Jim Thorpe, PA

On Wednesday morning, we had an early breakfast at the hotel and drove the rental into the State Park where we met our shuttle driver and renter of our bikes. His GPS coordinate was not quite where we were supposed to meet him, and he seemed rather perturbed that we weren’t at the picnic table he had (or had thought he had) designated, but after a phone call to him, we met up and started the drive. He seemed to be an okay guy—knew his biking and skiing (Telluride in the winters) life contexts—but was a bit over confident of his own knowledge and opinions. Our nickname for him became “Snobby.” He dropped us off up in the town of White Haven, where we bought good, reasonably priced ham and Swiss cheese hoagie sandwiches for our lunch on the trail at Renees’ Deli and then started riding at 10:06 a.m. I forgot to press “start” on my odometer until 1.5 miles into the trail, but at least I realized it then and didn’t go the whole time not recorded the ride.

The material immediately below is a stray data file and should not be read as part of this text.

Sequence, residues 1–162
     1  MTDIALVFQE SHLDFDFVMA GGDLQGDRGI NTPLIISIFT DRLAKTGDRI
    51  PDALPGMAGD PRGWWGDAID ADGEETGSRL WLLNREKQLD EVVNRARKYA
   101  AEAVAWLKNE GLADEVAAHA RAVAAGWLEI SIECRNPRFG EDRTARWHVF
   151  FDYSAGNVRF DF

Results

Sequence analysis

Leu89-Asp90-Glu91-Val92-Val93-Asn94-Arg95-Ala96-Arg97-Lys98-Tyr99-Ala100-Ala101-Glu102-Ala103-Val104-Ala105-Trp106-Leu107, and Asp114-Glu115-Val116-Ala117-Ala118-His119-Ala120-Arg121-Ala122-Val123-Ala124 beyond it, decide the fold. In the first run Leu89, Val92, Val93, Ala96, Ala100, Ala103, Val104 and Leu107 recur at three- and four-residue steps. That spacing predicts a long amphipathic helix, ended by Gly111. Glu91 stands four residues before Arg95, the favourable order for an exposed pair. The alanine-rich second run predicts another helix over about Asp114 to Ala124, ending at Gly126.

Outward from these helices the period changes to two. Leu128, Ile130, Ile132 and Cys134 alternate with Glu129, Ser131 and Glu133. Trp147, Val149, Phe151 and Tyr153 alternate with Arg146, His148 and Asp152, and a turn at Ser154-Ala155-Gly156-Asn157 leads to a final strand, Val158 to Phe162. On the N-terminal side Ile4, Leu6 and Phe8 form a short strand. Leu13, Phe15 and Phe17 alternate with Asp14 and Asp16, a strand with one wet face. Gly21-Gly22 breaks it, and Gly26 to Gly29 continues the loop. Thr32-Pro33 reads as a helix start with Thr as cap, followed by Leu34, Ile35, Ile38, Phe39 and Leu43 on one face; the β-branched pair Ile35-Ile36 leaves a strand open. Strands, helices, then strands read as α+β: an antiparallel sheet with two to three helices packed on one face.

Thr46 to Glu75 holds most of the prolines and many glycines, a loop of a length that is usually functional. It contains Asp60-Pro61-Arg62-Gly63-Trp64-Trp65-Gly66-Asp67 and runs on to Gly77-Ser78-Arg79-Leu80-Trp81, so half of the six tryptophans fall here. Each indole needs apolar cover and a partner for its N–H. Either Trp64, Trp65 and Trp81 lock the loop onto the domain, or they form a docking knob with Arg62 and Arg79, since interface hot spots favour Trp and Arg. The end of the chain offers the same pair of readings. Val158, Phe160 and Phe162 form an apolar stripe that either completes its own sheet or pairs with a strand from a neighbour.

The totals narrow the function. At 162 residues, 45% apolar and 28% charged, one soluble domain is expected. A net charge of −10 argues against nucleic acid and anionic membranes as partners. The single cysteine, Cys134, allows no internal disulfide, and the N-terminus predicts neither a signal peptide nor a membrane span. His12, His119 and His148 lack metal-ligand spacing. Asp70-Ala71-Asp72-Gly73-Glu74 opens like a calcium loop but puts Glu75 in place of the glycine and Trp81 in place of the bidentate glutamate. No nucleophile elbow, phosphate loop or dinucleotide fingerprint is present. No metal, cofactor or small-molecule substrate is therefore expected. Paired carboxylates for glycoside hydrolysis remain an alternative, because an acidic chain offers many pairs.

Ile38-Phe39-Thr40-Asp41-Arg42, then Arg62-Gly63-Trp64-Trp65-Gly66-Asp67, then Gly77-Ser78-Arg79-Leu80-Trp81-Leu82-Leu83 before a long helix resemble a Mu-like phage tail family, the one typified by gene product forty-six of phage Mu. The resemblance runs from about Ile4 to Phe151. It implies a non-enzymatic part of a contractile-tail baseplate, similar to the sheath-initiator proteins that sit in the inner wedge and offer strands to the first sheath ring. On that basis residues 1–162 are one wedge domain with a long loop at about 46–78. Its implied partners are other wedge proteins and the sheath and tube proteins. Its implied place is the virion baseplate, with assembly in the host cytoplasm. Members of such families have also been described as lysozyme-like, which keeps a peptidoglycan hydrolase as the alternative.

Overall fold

Joyce by Waterfall

The trail was a lot of the same scenery, but that was fine because it was great scenery. The Lehigh River flowed swiftly in the gorge to our left and a rock/dirt/tree lined cliff was on our immediate right. We had an overhang canopy of trees, lots of shade, perfect weather, and very few other riders. Very peaceful and relaxing. The trail was made of hard packed crushed gravel, which made for good traveling. We had no bike problems and good shocks on the bikes. A positive comment about Snobby is that his rates were very good–$21 each for a day’s bike and the shuttle ride to the top. We used the shuttle because riding north to south was slightly downhill and because we didn’t have time in one day to ride it both ways and still get over to Poughkeepsie, NY, for tomorrow’s ride.